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32 | MOORE MONTHLY | MARCH 2019


FOR SPONSORING Sports sponsored by

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Select businesses have partnered to sponsor the news and we’d like to personally thank them. Our coverage in the Moore Monthly magazine, and on the MooreMonthly.com website is made possible in part because of their sponsorships. Be sure to thank the businesses who make our stories possible! Sports: Beneficial Automotive Maintenance Senior Living / Sketches of Moore: Featherstone Class Acts: Chad Cobble Insurance Parting Shots: Moore Funeral & Cremation Healthy Moore: Norman Regional Health System Calendar: Legend Senior Living Cover Story: Del Rancho

THE NEWS Senior Living sponsored by

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If you’d like to help keep information flowing to the community while also promoting your business, consider sponsoring the following coverage areas: Library: Available Business News: Available Lifestyle / Entertainment: Available Thanks again to our sponsors. Make sure to show them your appreciation for the magazine you’re enjoying!

MARCH 2019 | MOORE MONTHLY | 33


taste local by Rob Morris

The Boxcar

Offers Up a Great Cup of Coffee and Community Connection 2100 N. Eastern • 7 a.m. to 3 p.m.

Chad Hodges is the new face behind the revamping of The Boxcar in the Avondale Shopping Center in Moore. Hodges is a longtime coffee lover who has finally found the perfect business to align with his passion for community involvement. “I spent most of my time working in Oklahoma City after I opened a business seven years ago,” said Hodges. “During that time I fell in love with Oklahoma City’s coffee.” When he discovered that The Boxcar was on the market, Hodges said it was an easy decision to take the plunge and open a local, community-oriented coffee shop. “I was sleeping in Moore, shopping in Moore, but I didn’t spend my time working here,” said Hodges. “This was a chance to invest in the city that I love and live in.” The 1996 Moore High School graduate also had a very clear idea of what kind of coffee shop he wanted to offer the community. “We really wanted to rewrite the script from what The Boxcar used to be,” said Hodges. “We really want people to recognize it as a coffee shop and a community gathering place.” The Boxcar offers locally-roasted coffee from KLLR Coffee in Oklahoma City, a relatively new company on the OKC coffee scene that has quickly developed a reputation for producing fantastic roast-to-order beans. “KLLR has really helped us establish an identity,” said Hodges. “Not only with some great coffee but also with training that helps us brew really great drinks.” Hodges said Boxcar customers will find brewed coffee along with any type of expresso drink you can imagine as 34 | MOORE MONTHLY | MARCH 2019

well as monthly specials. The Boxcar also offers a selection of pastries and light breakfast menu. “We have some really tasty grab-and-go type pastries from LaBaguette,” said Hodges. “We also offer fantastic cinnamon rolls, breakfast burritos, fruit parfaits, and overnight oatmeal.” But the centerpiece of The Boxcar is coffee and community. Hodge keeps circling back to his passion for giving Moore residents a comfortable place to gather. “I never wanted to just own a coffee shop,” said Hodges. “I wanted a place where I could be behind the bar, brew a great cup of coffee or expresso, and the just able to get to know the people who come here and talk about their day.” The Boxcar has already established a presence among various groups in the city. The Moore Public library comes in regularly for story time and a newly-formed high school chess club uses The Boxcar for their gathering place. Hodges also has a deep connection to the local bicycling community as the team director for DNA Racing, an elite cycling and club team based in the OKC area. “We host the Oklahoma City Pro-Am Cycling Classic in June,” said Hodges. “I’m trying to instill a little that cycling mentality here at The Boxcar and hopefully make the community a little more cycling-friendly. We have groups of cyclists that are in here regularly and use the location as a start or finish to some of their rides.” Hodges said that in the 12 weeks since reopening The Boxcar as a coffee shop, he has deeply enjoyed the experience.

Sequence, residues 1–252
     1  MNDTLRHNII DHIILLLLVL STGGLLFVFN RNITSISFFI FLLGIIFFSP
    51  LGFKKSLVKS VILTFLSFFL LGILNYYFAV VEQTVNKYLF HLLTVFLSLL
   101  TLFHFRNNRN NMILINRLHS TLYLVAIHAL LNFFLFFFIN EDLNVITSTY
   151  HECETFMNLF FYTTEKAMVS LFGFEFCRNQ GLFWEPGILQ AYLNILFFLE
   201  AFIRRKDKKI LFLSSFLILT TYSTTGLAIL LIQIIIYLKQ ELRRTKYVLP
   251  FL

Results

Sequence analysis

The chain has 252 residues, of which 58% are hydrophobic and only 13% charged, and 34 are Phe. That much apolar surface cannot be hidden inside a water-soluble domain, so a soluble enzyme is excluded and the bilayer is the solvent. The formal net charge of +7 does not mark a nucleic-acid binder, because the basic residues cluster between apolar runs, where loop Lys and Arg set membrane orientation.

“This is my first time behind the bar, so I’ve learned a lot,” said Hodges. “Plus, it’s been really fantastic to try and help make somebody’s day better by offering a great cup of coffee and some conversation. It’s great to be a part of a coffee shop that is becoming a part of the community.”


MARCH 2019 | MOORE MONTHLY | 35


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by dale spoonemore

From Seed to Spoon: Prime Time for Root Crops! Hello Moore! It’s Dale Spoonemore here to talk about what you can do in March to grow your own food! My wife and I converted our lawn into gardens to feed our family of 6 and we built our free app to make it easy for you to grow food too! Our app will give you customized planting dates (with reminders!) based on your location and will guide you through all aspects of growing your own food! March is one of my favorite months of the year. Life is beginning to emerge from the cold of February, and new sprouts are everywhere! In March, we’re starting many things directly from seed outdoors, and continuing to plant new rounds of spring seeds indoors to transplant later. March is prime time for planting root crops like carrots, beets, radish, and others. These foods don’t like to be transplanted and are best planted directly outside from seed. One key to planting these outside is keeping the seeds moist until they sprout. We’ve found it simple to do so with automated irrigation and have guides on YouTube showing how easy it is to build it out of PVC pipe or install drip irrigation system.